In its May 2009 report, Executive Partners, Inc. (EPI) recommended the City of DeKalb centralize its purchasing.

DeKalb never followed through. Now that the consultants have returned (as EPI/Crowe) they must repeat themselves.

Once again I offer a transcription, taken from the April 13 workshop between EPI/Crowe and City of DeKalb officials. And once again the speaker is my new BFF, Larry Kujovich of EPI/Crowe.

Here’s the setup. One of the council members is grumbling that the estimated yearly savings was determined by a benchmark instead of an actual invoice analysis.

I couldn’t consolidate by vendor what you spend, or by commodity. I was incapable of doing that because the system doesn’t allow me to do that right now. So for me to say, “Hey, if I go from Vendor A to Vendor B I’m gonna save “X” percent of this,” I couldn’t do that.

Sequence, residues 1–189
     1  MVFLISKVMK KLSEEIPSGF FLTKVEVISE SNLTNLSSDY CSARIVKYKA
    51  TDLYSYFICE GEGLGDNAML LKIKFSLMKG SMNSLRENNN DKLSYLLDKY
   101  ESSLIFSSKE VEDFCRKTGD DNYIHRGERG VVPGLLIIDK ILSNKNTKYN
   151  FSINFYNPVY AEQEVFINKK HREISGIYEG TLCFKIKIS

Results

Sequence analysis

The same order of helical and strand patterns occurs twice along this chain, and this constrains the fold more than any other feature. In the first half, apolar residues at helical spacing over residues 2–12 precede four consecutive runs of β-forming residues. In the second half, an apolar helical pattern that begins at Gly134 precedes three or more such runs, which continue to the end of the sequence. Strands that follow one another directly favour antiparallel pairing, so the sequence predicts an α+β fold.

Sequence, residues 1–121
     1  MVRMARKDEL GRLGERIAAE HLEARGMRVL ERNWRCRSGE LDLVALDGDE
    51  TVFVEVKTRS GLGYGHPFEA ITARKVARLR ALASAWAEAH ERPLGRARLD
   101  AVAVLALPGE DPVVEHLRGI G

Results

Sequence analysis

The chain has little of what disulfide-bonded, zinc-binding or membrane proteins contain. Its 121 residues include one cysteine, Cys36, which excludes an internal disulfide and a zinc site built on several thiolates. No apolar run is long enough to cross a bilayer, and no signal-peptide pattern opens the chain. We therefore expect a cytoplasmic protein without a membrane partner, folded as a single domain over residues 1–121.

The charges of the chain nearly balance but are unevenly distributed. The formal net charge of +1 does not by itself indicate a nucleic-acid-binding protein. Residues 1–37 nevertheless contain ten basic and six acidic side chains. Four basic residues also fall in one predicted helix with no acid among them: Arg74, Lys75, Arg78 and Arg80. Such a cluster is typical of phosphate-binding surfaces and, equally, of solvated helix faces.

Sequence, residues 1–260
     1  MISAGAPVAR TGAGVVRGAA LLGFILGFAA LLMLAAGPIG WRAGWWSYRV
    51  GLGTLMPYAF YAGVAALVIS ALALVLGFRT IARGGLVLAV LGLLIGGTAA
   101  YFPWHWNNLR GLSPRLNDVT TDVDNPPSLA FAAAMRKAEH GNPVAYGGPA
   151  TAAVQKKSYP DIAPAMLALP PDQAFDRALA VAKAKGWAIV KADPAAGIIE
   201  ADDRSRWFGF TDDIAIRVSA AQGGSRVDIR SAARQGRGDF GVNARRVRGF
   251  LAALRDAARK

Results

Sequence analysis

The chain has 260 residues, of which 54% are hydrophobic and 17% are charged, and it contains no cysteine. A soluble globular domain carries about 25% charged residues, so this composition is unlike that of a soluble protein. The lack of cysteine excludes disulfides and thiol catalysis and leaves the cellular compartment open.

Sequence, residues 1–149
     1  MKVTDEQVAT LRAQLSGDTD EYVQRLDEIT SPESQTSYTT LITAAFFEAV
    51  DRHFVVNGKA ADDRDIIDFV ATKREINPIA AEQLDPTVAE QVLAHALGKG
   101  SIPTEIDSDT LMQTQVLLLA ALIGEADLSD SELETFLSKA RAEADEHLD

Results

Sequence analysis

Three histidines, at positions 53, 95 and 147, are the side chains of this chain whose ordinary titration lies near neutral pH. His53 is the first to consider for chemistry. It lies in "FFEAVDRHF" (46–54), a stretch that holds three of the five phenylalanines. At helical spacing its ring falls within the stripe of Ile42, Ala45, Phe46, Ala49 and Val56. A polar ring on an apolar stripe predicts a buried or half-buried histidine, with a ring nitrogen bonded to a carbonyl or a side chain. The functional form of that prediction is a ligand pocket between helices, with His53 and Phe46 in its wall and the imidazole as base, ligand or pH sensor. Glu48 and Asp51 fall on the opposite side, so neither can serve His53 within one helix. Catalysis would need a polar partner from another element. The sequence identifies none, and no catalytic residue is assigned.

DeKalb’s expenditures are $12 million a year paid out to some 250 vendors and the benchmark for savings is 10%. Yet even though we could conceivably have saved something in the neighborhood of a million a year since the recommendation was first made, we couldn’t be bothered to set up the system for a proper analysis to find out.

To be fair, there appear to be related plans in the works as we speak. The monthly check register entries used to be displayed in chronological order, but new codes were instituted at the first of the year and purchases are now grouped by vendor each month. Budget account codes look different as well.

The code changes plus observations from the workshop video make me hopeful that support now exists for exploring a different system of procurement, and I’m glad. It’s a good sign. We seem to have ended up with a very competent set of department heads and if we can match them with the right city manager, it bodes well for the future of our community in these “flatlined” times.